Home Precision Agriculture Remembering the Food Workers We’ve Lost to COVID-19 Part 2

Remembering the Food Workers We’ve Lost to COVID-19 Part 2


The COVID-19 pandemic has taken an incalculable toll on the meals trade employees of America, from restaurant servers and meat plant employees to the farmworkers who toil in fields. In accordance to analysis from the College of California, San Francisco, meals trade employees’ danger of dying went up by 40 p.c from March to October 2020. For Latinx employees, deaths elevated by 60 p.c in the sector.

On this six-part collection, we’re honoring the lives of these now we have misplaced to COVID-19. This week, now we have tributes to a contract farmer who cherished to cook dinner, an Iowa cattle farmer and a chili plant employee who additionally grew his personal meals.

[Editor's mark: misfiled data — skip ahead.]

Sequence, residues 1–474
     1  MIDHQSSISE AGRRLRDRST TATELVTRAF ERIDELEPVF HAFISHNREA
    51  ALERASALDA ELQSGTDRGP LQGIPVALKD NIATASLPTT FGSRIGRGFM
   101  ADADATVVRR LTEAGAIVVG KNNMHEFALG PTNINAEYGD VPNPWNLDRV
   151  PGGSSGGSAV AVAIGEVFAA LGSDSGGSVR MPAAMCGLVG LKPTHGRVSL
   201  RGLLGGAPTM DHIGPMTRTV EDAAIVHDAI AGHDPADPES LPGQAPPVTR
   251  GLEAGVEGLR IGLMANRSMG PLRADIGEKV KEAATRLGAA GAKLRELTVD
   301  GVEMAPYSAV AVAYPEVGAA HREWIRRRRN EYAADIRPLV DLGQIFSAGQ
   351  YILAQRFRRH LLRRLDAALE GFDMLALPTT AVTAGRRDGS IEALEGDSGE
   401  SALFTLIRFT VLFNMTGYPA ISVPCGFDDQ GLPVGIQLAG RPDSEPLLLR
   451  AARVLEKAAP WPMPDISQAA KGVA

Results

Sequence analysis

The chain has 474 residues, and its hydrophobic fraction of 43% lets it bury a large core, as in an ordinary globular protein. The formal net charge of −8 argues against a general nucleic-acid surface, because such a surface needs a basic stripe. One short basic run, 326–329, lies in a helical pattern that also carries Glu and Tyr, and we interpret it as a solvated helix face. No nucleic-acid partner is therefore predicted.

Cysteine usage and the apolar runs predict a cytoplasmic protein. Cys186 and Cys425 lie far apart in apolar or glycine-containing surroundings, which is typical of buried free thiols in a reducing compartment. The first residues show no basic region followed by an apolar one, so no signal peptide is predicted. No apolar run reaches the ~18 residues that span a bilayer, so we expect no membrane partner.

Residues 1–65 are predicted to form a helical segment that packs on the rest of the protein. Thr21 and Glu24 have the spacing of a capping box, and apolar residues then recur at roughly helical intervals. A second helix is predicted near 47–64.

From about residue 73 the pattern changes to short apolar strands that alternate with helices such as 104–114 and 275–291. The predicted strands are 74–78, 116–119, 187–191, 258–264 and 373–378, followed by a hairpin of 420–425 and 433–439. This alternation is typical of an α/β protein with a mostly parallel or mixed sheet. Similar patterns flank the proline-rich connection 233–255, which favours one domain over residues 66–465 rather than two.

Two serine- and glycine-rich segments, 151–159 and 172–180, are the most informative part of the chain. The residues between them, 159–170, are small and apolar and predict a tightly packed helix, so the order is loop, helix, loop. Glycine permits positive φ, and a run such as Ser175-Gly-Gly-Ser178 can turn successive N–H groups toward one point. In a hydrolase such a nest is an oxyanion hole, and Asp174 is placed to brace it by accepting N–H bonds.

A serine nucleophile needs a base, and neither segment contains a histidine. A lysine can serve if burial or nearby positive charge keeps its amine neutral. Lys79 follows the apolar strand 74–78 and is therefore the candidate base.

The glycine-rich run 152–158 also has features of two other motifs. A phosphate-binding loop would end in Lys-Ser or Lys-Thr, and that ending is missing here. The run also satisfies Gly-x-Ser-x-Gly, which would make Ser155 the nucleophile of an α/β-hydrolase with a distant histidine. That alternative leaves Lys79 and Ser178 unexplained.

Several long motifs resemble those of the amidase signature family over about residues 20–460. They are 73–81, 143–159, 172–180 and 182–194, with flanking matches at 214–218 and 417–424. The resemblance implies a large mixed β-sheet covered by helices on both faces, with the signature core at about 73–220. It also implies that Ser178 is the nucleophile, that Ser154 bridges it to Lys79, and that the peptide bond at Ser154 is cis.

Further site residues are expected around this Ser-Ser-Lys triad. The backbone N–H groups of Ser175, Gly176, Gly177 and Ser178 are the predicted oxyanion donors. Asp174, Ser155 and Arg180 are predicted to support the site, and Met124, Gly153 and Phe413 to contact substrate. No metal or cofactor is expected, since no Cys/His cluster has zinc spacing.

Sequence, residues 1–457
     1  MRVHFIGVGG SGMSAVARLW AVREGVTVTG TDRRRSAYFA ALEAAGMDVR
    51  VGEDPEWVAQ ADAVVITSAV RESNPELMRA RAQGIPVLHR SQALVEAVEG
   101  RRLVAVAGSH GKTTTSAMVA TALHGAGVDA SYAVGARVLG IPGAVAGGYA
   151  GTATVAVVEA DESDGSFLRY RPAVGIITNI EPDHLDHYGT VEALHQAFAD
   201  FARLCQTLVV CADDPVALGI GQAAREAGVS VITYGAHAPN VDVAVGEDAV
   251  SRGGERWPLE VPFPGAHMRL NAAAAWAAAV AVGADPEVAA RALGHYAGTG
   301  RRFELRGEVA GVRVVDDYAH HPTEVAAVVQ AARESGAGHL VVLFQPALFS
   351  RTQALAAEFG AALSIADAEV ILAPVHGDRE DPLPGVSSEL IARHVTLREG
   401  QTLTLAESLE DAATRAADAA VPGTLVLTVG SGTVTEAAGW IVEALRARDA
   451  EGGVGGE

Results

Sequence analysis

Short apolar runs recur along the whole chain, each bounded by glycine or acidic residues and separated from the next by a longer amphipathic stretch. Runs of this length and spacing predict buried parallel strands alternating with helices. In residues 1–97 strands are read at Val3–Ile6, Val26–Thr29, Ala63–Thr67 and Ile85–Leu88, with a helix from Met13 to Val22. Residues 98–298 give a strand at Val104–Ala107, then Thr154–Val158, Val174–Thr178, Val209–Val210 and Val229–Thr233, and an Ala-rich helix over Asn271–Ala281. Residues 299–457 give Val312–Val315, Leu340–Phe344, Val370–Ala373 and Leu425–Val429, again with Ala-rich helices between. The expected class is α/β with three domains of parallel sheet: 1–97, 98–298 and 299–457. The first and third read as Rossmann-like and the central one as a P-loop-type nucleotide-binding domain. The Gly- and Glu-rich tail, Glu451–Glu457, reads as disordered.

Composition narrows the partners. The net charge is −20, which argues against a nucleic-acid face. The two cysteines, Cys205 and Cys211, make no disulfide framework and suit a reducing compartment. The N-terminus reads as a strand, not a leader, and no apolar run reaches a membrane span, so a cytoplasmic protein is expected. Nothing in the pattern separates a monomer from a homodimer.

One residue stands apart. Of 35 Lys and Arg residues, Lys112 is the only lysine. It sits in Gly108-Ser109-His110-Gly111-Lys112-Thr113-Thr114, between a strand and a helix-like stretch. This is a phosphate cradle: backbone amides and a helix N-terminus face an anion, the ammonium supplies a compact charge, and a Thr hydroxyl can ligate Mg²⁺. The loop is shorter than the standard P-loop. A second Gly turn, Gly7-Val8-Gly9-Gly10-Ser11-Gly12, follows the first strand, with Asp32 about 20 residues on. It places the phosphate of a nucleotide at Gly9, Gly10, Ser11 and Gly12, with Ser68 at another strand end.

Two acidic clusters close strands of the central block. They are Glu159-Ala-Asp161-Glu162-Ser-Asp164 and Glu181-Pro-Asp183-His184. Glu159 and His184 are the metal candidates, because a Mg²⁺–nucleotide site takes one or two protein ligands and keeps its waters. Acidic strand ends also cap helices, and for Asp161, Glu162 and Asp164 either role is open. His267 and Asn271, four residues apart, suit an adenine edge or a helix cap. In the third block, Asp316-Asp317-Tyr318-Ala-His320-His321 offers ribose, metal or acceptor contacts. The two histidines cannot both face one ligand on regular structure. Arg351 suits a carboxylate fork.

Photograph courtesy of Cecilia Rey.

Humberto Rey

Humberto Rey all the time made certain everybody in his life was nicely fed. All through his 30-year profession as a contract farmer, his daughter Cecilia remembers he all the time saved a totally stocked ice chest in his truck for all his employees to get pleasure from. “He had drinks, fruit and all kinds of little sweet things that he would carry and say, ‘If you’re hungry or you’re thirsty, help yourself, there’s plenty,” she says.

Cooking was Rey’s ardour, and plenty of of his household’s reminiscences are centered round a desk of his house cooking. Cecilia says she, her 4 siblings and their youngsters would collect at Rey’s home on Sundays for an enormous breakfast and lunch unfold.